Coronavirus’ impact on our community and our response toward it

Michelle Lee


     March 13, 2020. 6 PM. Teachers, students, and parents alike had received an email announcing the closure of schools. Starting on March 16th of 2020, the Fremont Unified School District implemented the decision to close schools to prevent the possible spreading of COVID-19, commonly referred to as Coronavirus. The pending return date was March 30th. Alongside this, social gatherings of any kind were discouraged, and a minimum distance of six feet was to be maintained.

     In the beginning, American High students rejoiced over this. In a month consisting of few holidays and breaks, a two-week break was welcome. However, this wasn’t a break. Far from it, in fact. Instead, you were to continue your education at your home, relying on your schoolloop updates and your loopmail notifications. Within the two days between Friday and the coming Monday, teachers had to figure out how to alter their agendas and move the necessary content online. In the meantime, administrators dedicated efforts to ensure the complete sanitization of the school campus. Students were given specific time windows to stop by campus and quickly grab any supplies that they needed.

     Little by little, assignment by assignment, schoolwork began to flood in. Schoolloop, Turnitin, Google Classroom, and other messaging apps were relied upon to inform students and receive work. Another app and website rising in popularity (and usefulness!) was Zoom. By sending out a code to their classes, teachers could hold video sessions about anything from chapter reviews to Q&A meetings–even friendly little check-ins. You could even play around with your camera and change your background, but that’s beside the point. As homework accumulates, students find themselves admitting how they want to go back to school. It’s strange how much time we spent complaining about school and never stopped to consider what we liked about it. Sure, we received a lot of homework and crammed for tests, but we could do so with friends and teachers by our sides. 

     It’s unfortunate how many school events were canceled by the closure. Springfest with its dress-up days. Battle of the Bands boasting some of American High’s musically talented students. The Spring musical, Freaky Friday, where cast and crew alike worked to please their future audiences. The Week of Service and the collaboration of the many service clubs. The Art Show and its masterpieces. Even the Language Day Study Trip that brings different cultures into one area. The fate of prom is pending, as well as the seniors’ Grad Nite and graduation ceremony that they’ve waited four years for. Even with all these losses though, it’s important to remember why we’ve lost them. A pandemic is definitely no joke (contrary to the memes being made), and some people are more at risk for contracting it than others.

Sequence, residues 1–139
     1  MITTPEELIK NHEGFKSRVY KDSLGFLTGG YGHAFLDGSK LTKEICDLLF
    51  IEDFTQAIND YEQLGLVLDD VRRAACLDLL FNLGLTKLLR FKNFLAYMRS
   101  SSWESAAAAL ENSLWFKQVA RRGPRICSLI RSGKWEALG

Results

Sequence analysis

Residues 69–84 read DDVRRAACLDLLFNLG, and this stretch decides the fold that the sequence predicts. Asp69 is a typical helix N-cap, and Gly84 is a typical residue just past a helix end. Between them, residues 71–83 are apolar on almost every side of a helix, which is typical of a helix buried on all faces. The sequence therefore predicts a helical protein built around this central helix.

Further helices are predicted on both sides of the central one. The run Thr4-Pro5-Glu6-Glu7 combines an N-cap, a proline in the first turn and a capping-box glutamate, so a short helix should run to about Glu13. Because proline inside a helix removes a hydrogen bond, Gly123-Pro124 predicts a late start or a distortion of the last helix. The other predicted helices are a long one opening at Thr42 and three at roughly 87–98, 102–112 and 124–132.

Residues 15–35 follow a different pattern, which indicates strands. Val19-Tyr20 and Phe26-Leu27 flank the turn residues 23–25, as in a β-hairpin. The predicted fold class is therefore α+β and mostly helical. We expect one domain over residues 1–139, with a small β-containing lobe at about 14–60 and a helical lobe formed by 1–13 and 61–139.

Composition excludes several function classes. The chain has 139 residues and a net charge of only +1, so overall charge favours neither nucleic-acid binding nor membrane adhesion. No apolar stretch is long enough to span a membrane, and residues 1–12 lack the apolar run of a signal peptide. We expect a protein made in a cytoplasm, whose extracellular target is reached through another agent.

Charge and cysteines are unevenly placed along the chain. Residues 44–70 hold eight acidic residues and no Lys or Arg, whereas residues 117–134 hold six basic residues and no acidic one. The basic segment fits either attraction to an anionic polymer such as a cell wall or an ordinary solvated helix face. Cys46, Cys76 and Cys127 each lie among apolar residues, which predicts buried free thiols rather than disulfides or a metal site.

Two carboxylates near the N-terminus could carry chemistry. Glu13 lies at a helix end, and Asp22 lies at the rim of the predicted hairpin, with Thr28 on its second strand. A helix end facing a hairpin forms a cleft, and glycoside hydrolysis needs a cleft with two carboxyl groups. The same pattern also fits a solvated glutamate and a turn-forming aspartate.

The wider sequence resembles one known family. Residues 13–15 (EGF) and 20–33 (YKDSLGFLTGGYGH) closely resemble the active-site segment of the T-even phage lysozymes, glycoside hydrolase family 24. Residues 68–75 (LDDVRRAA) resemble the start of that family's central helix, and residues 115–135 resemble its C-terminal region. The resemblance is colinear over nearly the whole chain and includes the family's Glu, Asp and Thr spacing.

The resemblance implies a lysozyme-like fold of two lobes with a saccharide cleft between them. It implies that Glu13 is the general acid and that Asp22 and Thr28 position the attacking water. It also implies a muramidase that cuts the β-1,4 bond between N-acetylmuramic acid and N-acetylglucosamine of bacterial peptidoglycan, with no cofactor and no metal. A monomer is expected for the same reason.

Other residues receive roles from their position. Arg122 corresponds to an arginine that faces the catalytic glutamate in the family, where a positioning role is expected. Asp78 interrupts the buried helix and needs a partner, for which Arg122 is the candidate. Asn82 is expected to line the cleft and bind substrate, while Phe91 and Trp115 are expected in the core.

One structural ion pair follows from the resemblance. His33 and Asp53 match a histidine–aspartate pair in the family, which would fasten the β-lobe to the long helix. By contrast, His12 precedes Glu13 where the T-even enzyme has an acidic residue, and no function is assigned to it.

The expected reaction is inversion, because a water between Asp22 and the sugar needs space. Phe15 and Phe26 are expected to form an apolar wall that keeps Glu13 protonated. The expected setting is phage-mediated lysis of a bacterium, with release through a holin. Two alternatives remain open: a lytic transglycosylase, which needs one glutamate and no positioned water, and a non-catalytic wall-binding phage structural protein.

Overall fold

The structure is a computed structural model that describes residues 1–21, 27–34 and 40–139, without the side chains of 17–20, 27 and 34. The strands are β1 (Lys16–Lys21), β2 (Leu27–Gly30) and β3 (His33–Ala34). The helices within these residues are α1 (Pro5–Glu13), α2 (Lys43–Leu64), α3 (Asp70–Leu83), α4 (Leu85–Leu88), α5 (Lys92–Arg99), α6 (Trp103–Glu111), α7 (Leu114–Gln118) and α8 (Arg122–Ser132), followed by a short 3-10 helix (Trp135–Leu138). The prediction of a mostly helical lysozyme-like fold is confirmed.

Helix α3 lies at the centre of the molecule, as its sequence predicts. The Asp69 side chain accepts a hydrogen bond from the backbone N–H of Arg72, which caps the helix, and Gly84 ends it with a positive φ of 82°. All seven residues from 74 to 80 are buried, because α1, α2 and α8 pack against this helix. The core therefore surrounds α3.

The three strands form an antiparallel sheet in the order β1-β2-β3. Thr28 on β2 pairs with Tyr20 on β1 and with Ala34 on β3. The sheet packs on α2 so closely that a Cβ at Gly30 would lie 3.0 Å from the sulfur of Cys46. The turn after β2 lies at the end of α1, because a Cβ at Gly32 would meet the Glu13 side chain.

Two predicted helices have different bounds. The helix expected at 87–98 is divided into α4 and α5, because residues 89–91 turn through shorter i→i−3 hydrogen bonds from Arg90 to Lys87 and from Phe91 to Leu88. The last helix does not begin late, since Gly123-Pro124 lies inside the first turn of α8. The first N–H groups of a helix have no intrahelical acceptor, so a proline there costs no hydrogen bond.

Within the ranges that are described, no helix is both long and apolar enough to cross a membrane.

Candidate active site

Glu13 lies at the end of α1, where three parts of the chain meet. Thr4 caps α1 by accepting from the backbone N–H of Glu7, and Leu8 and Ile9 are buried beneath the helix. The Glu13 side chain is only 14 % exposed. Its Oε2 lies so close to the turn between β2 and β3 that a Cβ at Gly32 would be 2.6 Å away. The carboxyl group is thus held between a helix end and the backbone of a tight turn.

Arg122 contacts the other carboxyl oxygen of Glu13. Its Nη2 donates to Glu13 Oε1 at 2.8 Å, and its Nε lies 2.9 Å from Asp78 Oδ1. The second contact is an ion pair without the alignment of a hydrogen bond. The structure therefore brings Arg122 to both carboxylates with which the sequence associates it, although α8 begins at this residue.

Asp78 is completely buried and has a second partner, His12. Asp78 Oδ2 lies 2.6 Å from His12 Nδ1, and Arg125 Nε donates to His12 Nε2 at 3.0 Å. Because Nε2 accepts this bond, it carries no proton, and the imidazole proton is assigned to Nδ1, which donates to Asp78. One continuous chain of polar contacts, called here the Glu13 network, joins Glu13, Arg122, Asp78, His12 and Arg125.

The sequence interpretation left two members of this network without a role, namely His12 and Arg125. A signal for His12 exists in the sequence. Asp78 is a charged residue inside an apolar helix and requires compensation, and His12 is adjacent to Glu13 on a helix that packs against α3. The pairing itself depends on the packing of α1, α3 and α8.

In light of the current situation, the district and our community have been trying to ensure that every student is accommodated and provided with as much assistance as need be. For those who relied on school lunches, specific locations were listed that were providing meals, with some being Suju’s Coffee and Subway. In the first week of closure, Chromebooks were checked out to students who needed them. Free access to JLG Digital, an online reading platform with ebooks, was announced. For seniors who haven’t reached their required forty hours of service-learning hours, those hours have been waived due to the ongoing shelter-in-place. Lastly, AP exams were a huge topic of concern, especially considering how we’ve already paid to take them in May and how they transfer into college credits. College Board recently stated that AP exams will take place online with a 45-minute time limit for free-response questions. Exams will be given on two different days depending on whether the student wants to test earlier or later. Regarding the SAT, the March SAT make-ups and the upcoming May exam have been canceled. The June exam is still in place for now until further announcements. (Don’t worry, Juniors. You’ve still got time!)

     As of now, the return date and end of school closure for April 6th, previously March 30th, has been pushed to the beginning of May on May 4th. With this extra month added on, make sure you all take care of yourselves and your family members. Push through school work, but don’t forget to give yourselves a break. Keep in contact with friends and relatives, and reach out to classmates and teachers for information regarding your classes. The counselors are also open to emails and scheduling online appointments.

     All in all, stay safe and healthy. 

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